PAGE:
September 2016

Camp Cale’s record-setting ‘upside down’ summer

September 7 2016 by Laura Crowther, BR Editorial Aide

Founded in 1961, Cale: Camp and Conference Center’s 100 acres are located in Hertford, where the Perquimans River flows into Albemarle Sound.


The camp attracted the largest number of campers in its history through its 2016 summer camps.
 
“The spiritual impact for the Kingdom of God is tremendous at Cale,” said director Matt Thomas, who is excited for the growth of the camp. “We want to be that place where people come to know Christ, grow deeper in their faith and build relationships as the body of Christ.”
 
This year, Camp Cale’s summer theme was “Upside Down,” inspired by a Billy Sunday quote and the scripture “These men who have turned the world upside down have come here too” (Acts 17:6b HCSB). And turn the world, or at least the camp, upside down is what Cale did.
 
Camp Cale had its largest year on record with 424 campers this summer. They offered seven weeks of camp for both children and teens. All of the children’s weeks were at maximum capacity. Of the 424 campers, 27 made first-time decisions for Christ and another 98 campers rededicated their lives to Christ.
 
The campers that made decisions comprised nearly one-quarter of the camp’s total attendance this summer, helping Camp Cale reach their stated purpose of sharing Christ, developing faith and building community.

Submitted photo


Thomas said Camp Cale’s main goal is “relationship evangelism, through our counselors, that allow the counselors to look for teachable moments to make a spiritual connection.”
 
To foster this spiritual connection, campers attend worship services twice every day. During the week there was live music, a variety of speakers and many opportunities to hear the gospel.
 
Susan Buzzard from Sawyer’s Creek Baptist Church in Camden, led counselors to create “cardboard testimonies,” illustrating their lives before they received Christ on one side of the cardboard and the change Christ brought to their lives on the other side. Counselors shared these with enthusiastic campers who then decided to create their own cardboard testimonies the next day.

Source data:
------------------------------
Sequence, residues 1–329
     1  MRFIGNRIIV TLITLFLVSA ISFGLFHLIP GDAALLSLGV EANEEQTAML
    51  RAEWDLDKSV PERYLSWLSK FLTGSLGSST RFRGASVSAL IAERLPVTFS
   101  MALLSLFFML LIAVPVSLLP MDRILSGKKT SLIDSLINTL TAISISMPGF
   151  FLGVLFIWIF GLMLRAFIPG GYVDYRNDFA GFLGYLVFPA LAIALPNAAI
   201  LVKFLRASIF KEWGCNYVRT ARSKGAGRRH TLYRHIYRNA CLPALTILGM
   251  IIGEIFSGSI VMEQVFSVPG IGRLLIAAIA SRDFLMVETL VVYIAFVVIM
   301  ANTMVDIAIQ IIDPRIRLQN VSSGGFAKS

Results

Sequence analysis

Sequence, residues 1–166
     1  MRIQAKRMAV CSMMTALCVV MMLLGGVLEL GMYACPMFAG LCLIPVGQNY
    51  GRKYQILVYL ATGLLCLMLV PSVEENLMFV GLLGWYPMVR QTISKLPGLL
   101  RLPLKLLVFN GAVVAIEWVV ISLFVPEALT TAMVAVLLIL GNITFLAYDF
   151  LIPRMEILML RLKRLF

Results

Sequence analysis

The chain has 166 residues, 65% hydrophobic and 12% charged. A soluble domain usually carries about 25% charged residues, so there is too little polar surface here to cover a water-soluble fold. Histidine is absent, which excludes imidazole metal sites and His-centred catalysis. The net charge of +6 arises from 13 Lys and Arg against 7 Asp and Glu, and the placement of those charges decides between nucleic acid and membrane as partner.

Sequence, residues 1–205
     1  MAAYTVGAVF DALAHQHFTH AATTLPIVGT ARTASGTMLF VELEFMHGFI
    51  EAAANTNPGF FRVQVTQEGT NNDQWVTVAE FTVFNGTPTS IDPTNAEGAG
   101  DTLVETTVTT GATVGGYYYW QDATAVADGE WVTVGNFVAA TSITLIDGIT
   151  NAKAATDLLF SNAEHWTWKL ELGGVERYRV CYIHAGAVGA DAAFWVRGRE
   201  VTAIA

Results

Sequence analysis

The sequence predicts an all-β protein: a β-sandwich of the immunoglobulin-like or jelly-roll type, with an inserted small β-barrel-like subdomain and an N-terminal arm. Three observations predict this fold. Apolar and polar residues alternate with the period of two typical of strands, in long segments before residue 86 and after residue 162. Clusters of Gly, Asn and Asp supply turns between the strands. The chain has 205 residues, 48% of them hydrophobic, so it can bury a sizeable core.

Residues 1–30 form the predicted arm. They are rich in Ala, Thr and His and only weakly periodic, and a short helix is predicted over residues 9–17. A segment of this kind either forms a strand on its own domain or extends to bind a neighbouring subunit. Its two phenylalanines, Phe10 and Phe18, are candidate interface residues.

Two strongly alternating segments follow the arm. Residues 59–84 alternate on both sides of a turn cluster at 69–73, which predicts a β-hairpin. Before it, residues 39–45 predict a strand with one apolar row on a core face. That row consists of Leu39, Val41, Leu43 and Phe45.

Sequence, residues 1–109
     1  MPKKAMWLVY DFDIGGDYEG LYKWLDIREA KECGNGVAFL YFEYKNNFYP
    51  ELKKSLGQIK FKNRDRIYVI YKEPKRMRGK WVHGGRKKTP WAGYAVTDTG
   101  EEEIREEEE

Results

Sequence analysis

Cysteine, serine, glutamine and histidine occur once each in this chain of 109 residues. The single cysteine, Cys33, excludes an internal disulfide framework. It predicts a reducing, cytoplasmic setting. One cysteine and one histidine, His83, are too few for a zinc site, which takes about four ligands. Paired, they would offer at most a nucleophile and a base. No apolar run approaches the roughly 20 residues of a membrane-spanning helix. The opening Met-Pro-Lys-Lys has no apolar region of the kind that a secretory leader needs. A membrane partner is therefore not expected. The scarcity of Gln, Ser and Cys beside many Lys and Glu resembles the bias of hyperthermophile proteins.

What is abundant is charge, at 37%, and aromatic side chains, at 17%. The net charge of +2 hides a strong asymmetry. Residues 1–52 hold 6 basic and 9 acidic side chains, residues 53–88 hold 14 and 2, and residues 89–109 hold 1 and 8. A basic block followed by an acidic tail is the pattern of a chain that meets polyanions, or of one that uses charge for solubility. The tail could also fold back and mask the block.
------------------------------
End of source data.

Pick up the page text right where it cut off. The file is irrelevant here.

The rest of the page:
Another speaker, Nathan Lawrenson, worship and creative arts and connections group coach at Nags Head Church in the Outer Banks, spoke about sharing your “Jesus story” and helped campers put their own “Jesus stories” or testimonies about what Jesus is doing in their lives into words.
 
In addition to times of worship, counselors are also given opportunities to forge spiritual connections by establishing relationships through the camp’s many activities such as archery, shooting, sailing, kayaking, canoeing, high and low ropes courses, rock wall climbing and an indoor basketball court.
 
Marty Dupree, evangelism consultant for the Baptist State Convention of North Carolina, who was also a speaker at Camp Cale this summer, shared that Camp Cale “is one of the best kept secrets in N.C. Baptist life. It … has everything from boating and water sport to sports fields, basketball courts.”
 
The growth during this past record setting year makes the need for more bunkhouses critical. There were several weeks this summer that all of the campers who wanted to attend were not able to be accommodated within the existing bunkhouses. Camp Cale plans to build two new bunkhouses, with 40 beds each. Thomas told the Biblical Recorder that the date the building project begins will depend on the funding levels, but he hopes work on the project will start in early 2017.
 
In order to raise money for the new bunkhouses, Camp Cale will host “An Evening at Cale” fundraiser Sept. 17. The event will be 6-9 p.m. and tickets cost $25 each. The evening will be filled with music, entertainment, heavy hors d’oeuvres and many door prizes. All proceeds from the event will go to the Bunkhouse Fund.
 
The facility offers summer camps for youth and children, adventure activities, open-air or enclosed lodging options and a conference center available for rentals. The camp was started by Chowan Baptist Association, which spans 10 counties and 68 churches. When Camp Cale began 55 years ago, its goal was to minister to churches and people within the association but has grown to include campers from across North Carolina and Virginia.
 
In addition to youth and children summer camps, Camp Cale offers its facilities for rentals throughout the year. The center also hosts events and training opportunities for Chowan Baptist Association.
 
“It is ideal for a church staff or deacons retreat, ... men’s retreat or a father-son retreat,” Dupree said. “The highlight for Cale is the opportunities provided to minister to young people and share the gospel with them, and see young people come to know Christ as Lord and Savior.”

For more information visit campcale.com or call (252) 264-2513.  
 
 

9/7/2016 8:51:30 AM by Laura Crowther, BR Editorial Aide | with 1 comments



Critics resist Planned Parenthood-prompted bill

September 7 2016 by Tom Strode, Baptist Press